Each year in the U.S., more than 23 000 people die as a result of antibiotic resistant infections (CDC 2014). To combat the growing spread of resistances to conventional antibiotics, new antibiotic development will be essential. Gene regulation by small non-coding RNAs (sRNAs) that act by base-pairing with mRNAs is an ideal target for such antibiotics, since sRNAs control cell growth, adaptability, and virulence processes in a wide variety of bacteria, including Enterobacteriaceae and Gram-positive pathogens. The long-term goal is to identify new antibiotic targets by understanding the mechanisms and proteins involved in sRNA-mediated gene regulation. Preliminary results indicate that the protein RNase PH has a previously unrealized role in regulating sRNAs. The objective of this research proposal is to determine the mechanisms by which RNase PH interacts with sRNAs to protect them from degradation, using Escherichia coli as a model system. This project will test the hypothesis that RNase PH selectively regulates sRNA degradation by interacting with sRNA 3' terminal regions to block binding and degradation by other RNases.
Aim I will test the hypothesis that RNase PH protects both free and mRNA-bound sRNAs from degradation by preventing the binding of competing RNases. The effect of RNase PH on the stability of free and mRNA-bound sRNAs will be examined. Then the ability of RNase PH to protect against sRNA degradation by specific RNases will be tested, and its global impact on sRNA abundance and cellular fitness will also be examined.
Aim II will test the hypothesis that RNase PH binds, but does not degrade, the Rho-independent terminators at the 3' termini of the sRNAs it protects. The sRNAs that directly bind to RNase PH will be isolated and sequenced to assess their integrity. The contributions of different sRNA features to stabilization by RNase PH will be examined through chimeric sRNA constructs and stability assays, and the sRNA-binding residues of RNase PH will be identified through mutagenesis, genetic screening, and stability assays. At its conclusion, this project is expected to (Aim I) demonstrate the scope and role of sRNA stabilization by RNase PH, as well as (Aim II) provide a mechanistic understanding of the features of sRNAs and RNase PH that enable this protection to occur. Understanding this novel role of RNase PH will inform the future development of new therapeutics effective against sRNA- mediated gene regulation.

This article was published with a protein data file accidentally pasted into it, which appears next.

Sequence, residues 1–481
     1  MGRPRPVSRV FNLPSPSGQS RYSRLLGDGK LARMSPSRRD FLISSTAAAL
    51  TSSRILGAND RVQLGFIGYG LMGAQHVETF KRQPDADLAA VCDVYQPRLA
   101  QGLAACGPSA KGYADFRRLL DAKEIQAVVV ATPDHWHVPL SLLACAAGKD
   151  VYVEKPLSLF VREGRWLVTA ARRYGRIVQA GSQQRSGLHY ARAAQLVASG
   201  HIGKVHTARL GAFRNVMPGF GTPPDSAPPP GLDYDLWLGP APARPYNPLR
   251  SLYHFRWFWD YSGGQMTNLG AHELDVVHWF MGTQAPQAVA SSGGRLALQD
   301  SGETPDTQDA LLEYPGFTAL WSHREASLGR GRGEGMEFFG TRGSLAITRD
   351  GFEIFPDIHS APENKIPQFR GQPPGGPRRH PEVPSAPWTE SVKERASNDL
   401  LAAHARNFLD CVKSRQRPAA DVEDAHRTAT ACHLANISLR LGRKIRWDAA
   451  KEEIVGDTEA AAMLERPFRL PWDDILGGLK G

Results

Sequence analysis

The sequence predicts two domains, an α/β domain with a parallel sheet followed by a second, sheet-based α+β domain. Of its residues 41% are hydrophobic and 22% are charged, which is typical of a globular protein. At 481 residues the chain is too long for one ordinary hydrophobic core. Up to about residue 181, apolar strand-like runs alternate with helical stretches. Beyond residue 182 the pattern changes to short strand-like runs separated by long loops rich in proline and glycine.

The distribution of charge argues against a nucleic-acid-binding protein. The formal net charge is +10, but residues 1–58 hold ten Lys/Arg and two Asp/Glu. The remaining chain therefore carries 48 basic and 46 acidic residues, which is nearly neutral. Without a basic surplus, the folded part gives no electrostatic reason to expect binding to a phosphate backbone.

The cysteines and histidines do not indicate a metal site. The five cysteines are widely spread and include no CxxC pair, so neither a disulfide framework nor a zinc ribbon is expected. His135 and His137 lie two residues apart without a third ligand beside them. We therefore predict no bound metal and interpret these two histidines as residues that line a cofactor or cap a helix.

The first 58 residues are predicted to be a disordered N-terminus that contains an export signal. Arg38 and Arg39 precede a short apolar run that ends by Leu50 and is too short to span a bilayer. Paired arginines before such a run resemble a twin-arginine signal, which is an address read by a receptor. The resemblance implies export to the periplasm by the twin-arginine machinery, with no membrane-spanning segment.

Public Health Relevance

This research will examine the novel role for the protein RNase PH that affects how bacteria control cellular activities through small non-coding RNAs (sRNAs). Many pathogenic bacteria utilize sRNAs for regulating important processes and for infecting host cells. Understanding how RNase PH functions in sRNA regulation will provide knowledge important to uncovering new therapeutic targets and treatments for combating bacterial infections.

National Institute of Health (NIH)
National Institute of General Medical Sciences (NIGMS)
Postdoctoral Individual National Research Service Award (F32)
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Special Emphasis Panel (ZRG1)
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Hoodbhoy, Tanya
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University of Texas Health Science Center Houston
Schools of Medicine
United States
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